Friday, 19 August 2016

The Mummy Case (1933) - Dermot Morrah

Dermot Michael Macgregor Morrah was one of those academics who wrote a detective novel just for fun. Born in 1896, Morrah earned a scholarship in Math at the New College of Oxford in 1914. After participating in the First World War, he changed his path and started dedicating to Modern History. In 1921 he became Prize Fellow of All Souls College and undertook an academic career. Shortly after though, he got married and had to interrupt his researches. From 1928 onwards, Morrah wrote leaders for the Daily Mail and The Times, as well as books about royalty and speeches for members of the Royal Family, including the Queen. As we may guess from the biography, Morrah was a very talented and eclectic man. Unfortunately, he wrote only one detective novel, The Mummy Case (1933), which I found very entertaining and amongst the best academic detective novels  I have ever read. 

As someone may expect, the story is set in Oxford, mainly in the fictitious Beaufort College. At the heart of the tale, there is the academic rivalry between two eminent Egyptologists, Peter Benchley and Feodor Bonoff. One night, a dreadful fire occurs in the rooms of Professor Benchley, who has recently purchased from Bonoff an highly valuable mummy. The fire completely destroys his room and only one body is found inside, which is impossible to identify, along with a wristwatch and a set of keys. The University rapidly calls it an accident, and Benchley is named as the charred corpse. Two professors though, Considine and Sargent, are skeptical about this explanation, and start to investigate on their own. If the body is Benchley’s, after all, where is the mummy?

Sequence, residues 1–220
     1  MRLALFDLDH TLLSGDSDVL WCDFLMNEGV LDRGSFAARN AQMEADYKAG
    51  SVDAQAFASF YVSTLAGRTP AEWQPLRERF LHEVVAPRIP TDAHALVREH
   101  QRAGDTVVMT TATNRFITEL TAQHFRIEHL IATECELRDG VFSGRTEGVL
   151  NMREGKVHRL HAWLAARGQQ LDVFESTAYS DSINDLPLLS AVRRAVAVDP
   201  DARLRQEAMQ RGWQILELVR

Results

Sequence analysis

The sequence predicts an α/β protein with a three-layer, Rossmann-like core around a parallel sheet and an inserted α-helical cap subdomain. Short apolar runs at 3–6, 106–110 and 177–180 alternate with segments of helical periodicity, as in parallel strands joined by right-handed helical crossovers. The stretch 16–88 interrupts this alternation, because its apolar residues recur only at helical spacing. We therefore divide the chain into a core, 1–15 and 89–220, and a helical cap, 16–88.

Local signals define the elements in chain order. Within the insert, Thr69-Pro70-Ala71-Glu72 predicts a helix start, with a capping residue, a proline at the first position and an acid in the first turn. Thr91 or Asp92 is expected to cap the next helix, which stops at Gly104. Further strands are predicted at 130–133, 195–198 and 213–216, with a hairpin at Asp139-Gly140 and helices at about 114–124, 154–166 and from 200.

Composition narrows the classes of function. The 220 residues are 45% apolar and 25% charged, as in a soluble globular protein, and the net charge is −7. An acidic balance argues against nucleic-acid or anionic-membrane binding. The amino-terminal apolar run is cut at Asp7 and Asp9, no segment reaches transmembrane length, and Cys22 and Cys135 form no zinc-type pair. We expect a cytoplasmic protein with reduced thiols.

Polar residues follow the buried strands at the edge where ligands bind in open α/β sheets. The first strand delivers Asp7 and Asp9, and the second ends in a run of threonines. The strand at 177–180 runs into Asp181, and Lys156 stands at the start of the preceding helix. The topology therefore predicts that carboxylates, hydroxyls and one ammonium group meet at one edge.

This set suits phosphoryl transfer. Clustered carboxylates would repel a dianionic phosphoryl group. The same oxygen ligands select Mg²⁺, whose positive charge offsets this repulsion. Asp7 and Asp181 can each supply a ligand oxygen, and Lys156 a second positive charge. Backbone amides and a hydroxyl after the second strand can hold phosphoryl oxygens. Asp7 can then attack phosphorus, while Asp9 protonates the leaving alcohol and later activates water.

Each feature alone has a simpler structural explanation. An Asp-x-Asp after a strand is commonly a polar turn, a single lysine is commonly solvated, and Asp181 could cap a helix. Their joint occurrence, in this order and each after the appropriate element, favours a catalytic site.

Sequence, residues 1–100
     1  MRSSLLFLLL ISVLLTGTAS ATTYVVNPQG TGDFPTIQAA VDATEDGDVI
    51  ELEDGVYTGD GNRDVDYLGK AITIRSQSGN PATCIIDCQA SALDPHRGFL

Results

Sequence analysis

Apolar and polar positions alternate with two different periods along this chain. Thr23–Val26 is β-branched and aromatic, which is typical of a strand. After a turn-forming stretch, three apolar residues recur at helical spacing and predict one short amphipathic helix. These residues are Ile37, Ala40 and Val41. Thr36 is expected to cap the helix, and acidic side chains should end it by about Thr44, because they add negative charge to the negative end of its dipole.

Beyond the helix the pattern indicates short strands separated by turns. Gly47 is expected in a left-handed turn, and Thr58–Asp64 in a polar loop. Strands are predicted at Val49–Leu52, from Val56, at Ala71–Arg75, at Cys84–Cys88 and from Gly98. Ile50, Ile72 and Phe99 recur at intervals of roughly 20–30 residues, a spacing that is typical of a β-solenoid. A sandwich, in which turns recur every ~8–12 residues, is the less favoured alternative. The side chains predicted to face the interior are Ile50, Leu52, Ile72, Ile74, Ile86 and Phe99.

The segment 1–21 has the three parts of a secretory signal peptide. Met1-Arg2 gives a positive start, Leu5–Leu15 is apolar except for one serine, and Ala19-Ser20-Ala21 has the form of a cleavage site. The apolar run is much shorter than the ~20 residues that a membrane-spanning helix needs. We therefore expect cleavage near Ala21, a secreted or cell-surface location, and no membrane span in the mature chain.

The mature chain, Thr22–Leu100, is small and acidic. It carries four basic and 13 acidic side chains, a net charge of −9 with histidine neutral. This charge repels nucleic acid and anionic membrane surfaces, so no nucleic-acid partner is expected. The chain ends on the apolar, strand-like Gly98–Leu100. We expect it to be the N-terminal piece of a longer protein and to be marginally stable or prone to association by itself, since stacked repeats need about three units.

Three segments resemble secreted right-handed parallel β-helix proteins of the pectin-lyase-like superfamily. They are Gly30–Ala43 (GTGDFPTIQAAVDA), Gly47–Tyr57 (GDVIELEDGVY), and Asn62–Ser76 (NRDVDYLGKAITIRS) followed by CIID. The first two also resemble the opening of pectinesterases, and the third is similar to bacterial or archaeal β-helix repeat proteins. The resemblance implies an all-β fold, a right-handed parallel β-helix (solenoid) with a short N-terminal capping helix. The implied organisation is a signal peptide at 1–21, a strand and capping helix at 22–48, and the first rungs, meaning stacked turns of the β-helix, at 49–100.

The Mummy Case is one of those novels clearly belonging to the Golden Age of detective fiction: the tone is lighthearted, the emphasis is always on the intellectual activities of the two sleuths, there is a lot of British humor and a group of well-depicted characters. Morrah reveals a pleasant wit and humor in his dialogues, but he is also capable of coming up with an intriguing plot. The story is filled with clever clues and some good red herrings, and the final explanation is very good as well. The main twist is allegedly guessable, but the (academic) motive of the culprit is wonderfully intellectual and ingenious.